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Annamalai Receives Igniting Research Collaborations Pilot Grant

December 15, 2020

Annamalai's project is titled “Effect of mechanical strain on myokine secretion and its role in diabetic bone disease.”

Ramkumar Annamalai, assistant professor in the F. Joseph Halcomb III, M.D. Department of Biomedical Engineering, has been selected to receive a pilot grant through UK’s “Igniting Research Collaborations (IRC)” program. His project is titled “Effect of mechanical strain on myokine secretion and its role in diabetic bone disease.”

For this project, Dr. Annamalai is collaborating with clinicians Dr. Eva Kalaitzoglou and Dr. John Fowlkes to engineer a cell culture device to study the effects of exercise on bone metabolism in diabetes. Diabetes is a chronic disorder and a significant risk factor for bone diseases. Exercise training shows promise to prevent diabetic bone disease. Still, the lack of relevant models to elucidate the effects of muscle secretions on bone biology, isolated from biomechanical stimuli, is still a challenge. The collaborative research team will develop a robust in vitro model using biomaterial constructs developed in the Annamalai Lab to study muscle-bone crosstalk in diabetes. This in vitro model will help identify molecular targets and develop engineered therapies for diabetic bone disease in the long-term.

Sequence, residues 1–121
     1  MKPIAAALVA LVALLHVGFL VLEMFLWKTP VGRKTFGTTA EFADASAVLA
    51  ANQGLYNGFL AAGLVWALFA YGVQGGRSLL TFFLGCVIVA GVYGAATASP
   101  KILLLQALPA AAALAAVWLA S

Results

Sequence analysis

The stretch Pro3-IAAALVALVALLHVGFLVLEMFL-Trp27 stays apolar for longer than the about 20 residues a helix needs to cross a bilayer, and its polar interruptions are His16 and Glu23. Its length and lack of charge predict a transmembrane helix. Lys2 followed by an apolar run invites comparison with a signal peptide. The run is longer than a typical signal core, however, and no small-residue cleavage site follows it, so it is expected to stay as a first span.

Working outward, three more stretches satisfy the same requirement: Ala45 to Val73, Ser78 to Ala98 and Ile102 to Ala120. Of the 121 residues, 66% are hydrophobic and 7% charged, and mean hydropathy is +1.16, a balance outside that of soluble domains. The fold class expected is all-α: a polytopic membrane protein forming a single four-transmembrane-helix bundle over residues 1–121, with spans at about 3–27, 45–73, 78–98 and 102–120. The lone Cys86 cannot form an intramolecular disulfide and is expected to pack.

The team plans to use this pilot award to strengthen applications for extramural research grants.

“Dr. Annamalai is one of the assistant professors hired into the F. Joseph Halcomb III, M.D. Department of Biomedical Engineering (BME) in the fall of 2019, and this award is a reflection that the department is positioning well in contributing to elevating the Engineering-Medicine collaborations at UK,” says Dr. Guigen Zhang, chair of the BME Department.

Congratulations to Dr. Annamalai! 

Osteogenic microtissues. Adult stem cells seeded on biomaterial micro constructs and differentiated in to bone cells.
Osteogenic microtissues. Adult stem cells seeded on biomaterial micro constructs and differentiated in to bone cells.